biffI really hadn’t given much thought of late to the upcoming film “Batman v. Superman: Dawn of Justice.” I remember reading that Ben Affleck would be the next in a long line of actors to don the cape and I was left entirely nonplussed at that shred of entertainment news.

I grew up adoring Batman as a child — the campy Adam West version. Then sometime in the early 1980s I absorbed the mythology of the originating comic book hero — the Dark Knight — and my adoration turned to something bordering on idolatry. I loved the concept of flawed archtypes walking awkwardly and outcast on something of a frayed tightrope fighting an inner duality pulling them between sinister and savior. Into that mix you can add The Shadow, the Phantom of the Opera, and what the hell: Darkman.

My favorite film version still remains Tim Burton’s with Michael Keaton as the caped crusader. I thought it confidently treaded that fine line between the light and dark. The sequels that followed grew progressively goofy, until the reboot trilogy with Christian Bale, which restored a certain semblance of order, but also got a bit too caught up in the beauty of its own reflection.

So now along will come “Batman v. Superman” and my entire lack of enthusiasm for the movie — nevermind Affleck’s involvement — was quantified by the premise that a fight between the two couldn’t possibly be waged or sustained; that a battle between the two icons would/could last no more than it would take Superman to melt Batman’s brain with a bolt of his eye lasers.

Than along comes this extraordinary column and it blew a lot of conceptions I’d held straight outta Gotham:

Batman Is A Corny Dingus, And Superman Should Whomp His Ass

Don’t let the headline fool ya, it is one of the most compelling opinion pieces I’ve ever read. Written gloriously bug-eyed and spittle-inflected by a fella named Albert Burneko, he not only succeeds in defending why this movie will suck as an enterprise, but much to my shock and awe he also with more than a few salient points succeeds entirely in stripping away the veneer of Batman that I’ve spent the majority of my life polishing and reveals him not only to not be very super, but also certainly no hero. and I quote:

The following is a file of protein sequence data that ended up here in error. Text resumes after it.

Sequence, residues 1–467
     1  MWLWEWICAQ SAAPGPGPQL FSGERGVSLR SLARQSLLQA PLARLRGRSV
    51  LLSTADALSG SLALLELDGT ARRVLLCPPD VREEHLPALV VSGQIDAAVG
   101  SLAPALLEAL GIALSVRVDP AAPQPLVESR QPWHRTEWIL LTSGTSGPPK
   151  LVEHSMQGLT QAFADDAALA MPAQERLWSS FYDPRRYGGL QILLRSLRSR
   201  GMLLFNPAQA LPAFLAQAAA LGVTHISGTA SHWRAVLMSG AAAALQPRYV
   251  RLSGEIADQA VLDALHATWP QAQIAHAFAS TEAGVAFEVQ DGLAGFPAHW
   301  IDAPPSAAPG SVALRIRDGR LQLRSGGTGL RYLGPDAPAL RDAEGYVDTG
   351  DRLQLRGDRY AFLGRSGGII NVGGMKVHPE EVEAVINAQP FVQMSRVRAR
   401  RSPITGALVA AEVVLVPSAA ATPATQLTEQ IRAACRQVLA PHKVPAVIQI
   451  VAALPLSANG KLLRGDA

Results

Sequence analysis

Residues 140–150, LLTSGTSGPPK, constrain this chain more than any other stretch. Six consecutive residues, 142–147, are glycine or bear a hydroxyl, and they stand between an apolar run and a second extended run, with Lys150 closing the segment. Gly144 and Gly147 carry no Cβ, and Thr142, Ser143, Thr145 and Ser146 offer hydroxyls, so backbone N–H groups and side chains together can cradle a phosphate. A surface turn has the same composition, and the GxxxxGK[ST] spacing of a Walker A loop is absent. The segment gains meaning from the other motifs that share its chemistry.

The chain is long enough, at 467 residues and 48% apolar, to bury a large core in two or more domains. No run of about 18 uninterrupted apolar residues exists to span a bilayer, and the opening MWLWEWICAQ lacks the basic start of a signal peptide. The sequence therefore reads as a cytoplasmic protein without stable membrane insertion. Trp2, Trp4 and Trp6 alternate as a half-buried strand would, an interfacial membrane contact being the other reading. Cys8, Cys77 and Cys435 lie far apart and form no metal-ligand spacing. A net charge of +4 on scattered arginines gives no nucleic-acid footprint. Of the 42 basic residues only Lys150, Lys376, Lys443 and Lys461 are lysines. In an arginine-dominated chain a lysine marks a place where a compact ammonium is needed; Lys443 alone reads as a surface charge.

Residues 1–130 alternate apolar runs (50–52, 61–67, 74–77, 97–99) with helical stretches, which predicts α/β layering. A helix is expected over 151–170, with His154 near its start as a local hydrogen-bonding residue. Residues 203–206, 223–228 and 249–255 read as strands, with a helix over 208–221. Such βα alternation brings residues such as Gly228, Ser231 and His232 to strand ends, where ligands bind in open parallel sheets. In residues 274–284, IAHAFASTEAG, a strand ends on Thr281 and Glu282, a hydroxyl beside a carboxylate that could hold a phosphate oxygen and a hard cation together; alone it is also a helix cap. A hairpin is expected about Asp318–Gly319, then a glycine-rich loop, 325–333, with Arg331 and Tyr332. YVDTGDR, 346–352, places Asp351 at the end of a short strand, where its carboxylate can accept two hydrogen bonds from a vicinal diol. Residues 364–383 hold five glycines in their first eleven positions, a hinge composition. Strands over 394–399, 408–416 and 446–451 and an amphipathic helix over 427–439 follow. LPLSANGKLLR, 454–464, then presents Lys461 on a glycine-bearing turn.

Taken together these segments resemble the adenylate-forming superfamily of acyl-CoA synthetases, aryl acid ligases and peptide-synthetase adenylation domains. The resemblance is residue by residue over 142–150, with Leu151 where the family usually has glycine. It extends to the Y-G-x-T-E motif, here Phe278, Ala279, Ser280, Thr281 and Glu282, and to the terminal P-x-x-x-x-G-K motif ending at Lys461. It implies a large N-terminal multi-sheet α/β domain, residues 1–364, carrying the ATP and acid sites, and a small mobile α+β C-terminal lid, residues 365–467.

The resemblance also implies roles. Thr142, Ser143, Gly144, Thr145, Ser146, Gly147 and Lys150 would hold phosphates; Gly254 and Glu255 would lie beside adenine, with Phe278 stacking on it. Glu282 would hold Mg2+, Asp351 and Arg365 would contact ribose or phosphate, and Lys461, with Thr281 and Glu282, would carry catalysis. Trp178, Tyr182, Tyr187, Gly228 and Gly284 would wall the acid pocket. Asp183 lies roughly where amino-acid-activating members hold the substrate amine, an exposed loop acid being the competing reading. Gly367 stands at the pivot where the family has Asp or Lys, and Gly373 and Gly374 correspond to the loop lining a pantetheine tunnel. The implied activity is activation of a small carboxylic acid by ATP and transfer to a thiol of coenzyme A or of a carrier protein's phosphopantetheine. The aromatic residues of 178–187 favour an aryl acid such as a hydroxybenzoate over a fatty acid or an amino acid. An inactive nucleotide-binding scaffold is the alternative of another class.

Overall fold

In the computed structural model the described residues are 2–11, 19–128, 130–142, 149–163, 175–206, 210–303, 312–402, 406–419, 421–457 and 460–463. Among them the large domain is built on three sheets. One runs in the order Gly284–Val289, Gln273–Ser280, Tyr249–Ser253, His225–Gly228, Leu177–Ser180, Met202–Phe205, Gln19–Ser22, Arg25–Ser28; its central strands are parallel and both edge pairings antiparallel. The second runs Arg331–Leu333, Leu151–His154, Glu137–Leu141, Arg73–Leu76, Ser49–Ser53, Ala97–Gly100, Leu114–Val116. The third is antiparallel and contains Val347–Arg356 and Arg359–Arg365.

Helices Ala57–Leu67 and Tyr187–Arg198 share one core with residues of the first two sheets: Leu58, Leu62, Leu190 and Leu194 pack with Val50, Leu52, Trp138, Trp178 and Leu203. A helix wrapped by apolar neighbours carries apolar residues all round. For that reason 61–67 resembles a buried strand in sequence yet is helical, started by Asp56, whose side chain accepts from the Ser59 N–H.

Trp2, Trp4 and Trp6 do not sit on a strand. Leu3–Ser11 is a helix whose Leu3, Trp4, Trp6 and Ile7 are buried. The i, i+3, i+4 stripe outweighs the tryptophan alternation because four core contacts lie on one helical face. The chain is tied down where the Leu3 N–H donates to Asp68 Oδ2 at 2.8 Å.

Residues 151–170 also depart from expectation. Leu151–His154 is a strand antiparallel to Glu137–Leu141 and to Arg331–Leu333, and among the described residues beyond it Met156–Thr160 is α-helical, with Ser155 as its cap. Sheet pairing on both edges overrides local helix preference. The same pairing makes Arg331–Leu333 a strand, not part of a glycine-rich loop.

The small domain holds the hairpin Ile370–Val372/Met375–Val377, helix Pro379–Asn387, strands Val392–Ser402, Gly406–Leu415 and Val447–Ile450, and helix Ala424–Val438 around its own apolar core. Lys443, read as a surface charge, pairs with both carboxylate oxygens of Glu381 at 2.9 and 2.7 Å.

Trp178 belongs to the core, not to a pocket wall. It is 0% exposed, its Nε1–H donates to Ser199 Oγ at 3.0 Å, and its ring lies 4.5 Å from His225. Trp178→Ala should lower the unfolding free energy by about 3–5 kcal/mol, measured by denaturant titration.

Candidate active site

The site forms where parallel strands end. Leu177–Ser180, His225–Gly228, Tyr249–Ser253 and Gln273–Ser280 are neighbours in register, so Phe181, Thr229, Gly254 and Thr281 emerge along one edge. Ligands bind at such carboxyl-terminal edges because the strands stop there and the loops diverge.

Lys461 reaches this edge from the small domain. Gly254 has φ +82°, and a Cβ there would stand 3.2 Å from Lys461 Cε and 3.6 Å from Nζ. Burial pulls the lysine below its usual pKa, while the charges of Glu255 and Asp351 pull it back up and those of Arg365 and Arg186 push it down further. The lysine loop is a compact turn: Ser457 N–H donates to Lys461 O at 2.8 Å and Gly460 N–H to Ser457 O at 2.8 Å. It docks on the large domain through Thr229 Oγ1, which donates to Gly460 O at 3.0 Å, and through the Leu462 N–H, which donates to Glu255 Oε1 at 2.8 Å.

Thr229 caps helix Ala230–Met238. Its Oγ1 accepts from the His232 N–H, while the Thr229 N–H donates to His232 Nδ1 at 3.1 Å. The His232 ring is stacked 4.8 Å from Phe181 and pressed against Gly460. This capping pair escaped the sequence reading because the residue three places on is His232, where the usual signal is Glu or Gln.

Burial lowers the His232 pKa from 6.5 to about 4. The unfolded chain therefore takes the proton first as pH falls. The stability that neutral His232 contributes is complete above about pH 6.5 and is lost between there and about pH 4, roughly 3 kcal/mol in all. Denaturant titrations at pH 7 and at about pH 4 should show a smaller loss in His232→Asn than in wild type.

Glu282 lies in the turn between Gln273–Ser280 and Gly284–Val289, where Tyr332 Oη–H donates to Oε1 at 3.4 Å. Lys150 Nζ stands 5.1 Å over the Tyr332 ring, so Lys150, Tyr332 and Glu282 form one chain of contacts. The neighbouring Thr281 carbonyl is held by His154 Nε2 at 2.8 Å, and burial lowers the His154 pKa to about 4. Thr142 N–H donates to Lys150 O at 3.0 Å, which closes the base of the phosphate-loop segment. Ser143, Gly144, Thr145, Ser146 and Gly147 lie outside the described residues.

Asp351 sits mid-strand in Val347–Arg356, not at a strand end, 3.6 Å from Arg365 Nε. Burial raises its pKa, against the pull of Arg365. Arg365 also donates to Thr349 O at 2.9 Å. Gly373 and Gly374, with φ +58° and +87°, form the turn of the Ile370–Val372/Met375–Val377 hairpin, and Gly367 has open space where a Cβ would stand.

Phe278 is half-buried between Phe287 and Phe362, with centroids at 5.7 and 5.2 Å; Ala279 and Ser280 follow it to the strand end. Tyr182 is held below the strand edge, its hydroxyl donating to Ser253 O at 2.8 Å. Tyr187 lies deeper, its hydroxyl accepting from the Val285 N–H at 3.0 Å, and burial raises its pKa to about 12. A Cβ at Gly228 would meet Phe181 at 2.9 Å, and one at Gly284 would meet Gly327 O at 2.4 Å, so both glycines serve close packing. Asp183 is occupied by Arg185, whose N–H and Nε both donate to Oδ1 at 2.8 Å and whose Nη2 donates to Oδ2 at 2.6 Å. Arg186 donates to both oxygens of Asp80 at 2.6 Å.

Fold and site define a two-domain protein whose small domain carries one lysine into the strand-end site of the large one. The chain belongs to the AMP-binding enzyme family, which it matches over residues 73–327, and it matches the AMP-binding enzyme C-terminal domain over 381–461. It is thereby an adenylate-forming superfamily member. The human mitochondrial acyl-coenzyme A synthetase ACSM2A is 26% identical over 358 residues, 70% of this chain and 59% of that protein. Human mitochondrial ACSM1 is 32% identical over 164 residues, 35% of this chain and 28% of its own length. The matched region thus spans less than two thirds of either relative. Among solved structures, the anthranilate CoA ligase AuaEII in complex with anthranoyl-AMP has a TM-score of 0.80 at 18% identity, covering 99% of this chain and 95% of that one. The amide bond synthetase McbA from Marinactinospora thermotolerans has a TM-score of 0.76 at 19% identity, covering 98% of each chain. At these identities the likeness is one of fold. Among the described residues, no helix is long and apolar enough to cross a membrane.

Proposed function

Even on the terms of his most generous depictions, Batman is a dingus. He is a trust-fund billionaire who puts on a balaclava with ears so that he can do technology-enhanced karate at pickpockets and muggers; who sinks his fortune into paramilitary hardware in support of his one-man campaign to punch a major city into peace; whose concept of justice is throwing on his Goth Navy SEAL costume and terrifying people so they’ll follow the rules better; who evidently has never once considered that Gotham City’s continued awfulness might refute his methods. He throws darts shaped like his brand logo. He’s Jeff Bezos on steroids and paint-thinner fumes. He is a choad.

I wanted to hate Burneko for spouting such Batman blasphemy. But I can’t. Because it’s not. It’s the truth. A giant Biff! and Ka-POW! to all I’d held dear.

I can never look upon Batman with anything but contempt again.


Those recognizing manipulation when they see it laugh Donald Trump’s high-profile antics off and expect that the majority of us will too.

I think that’s terribly apathetic, or at the least shortsighted.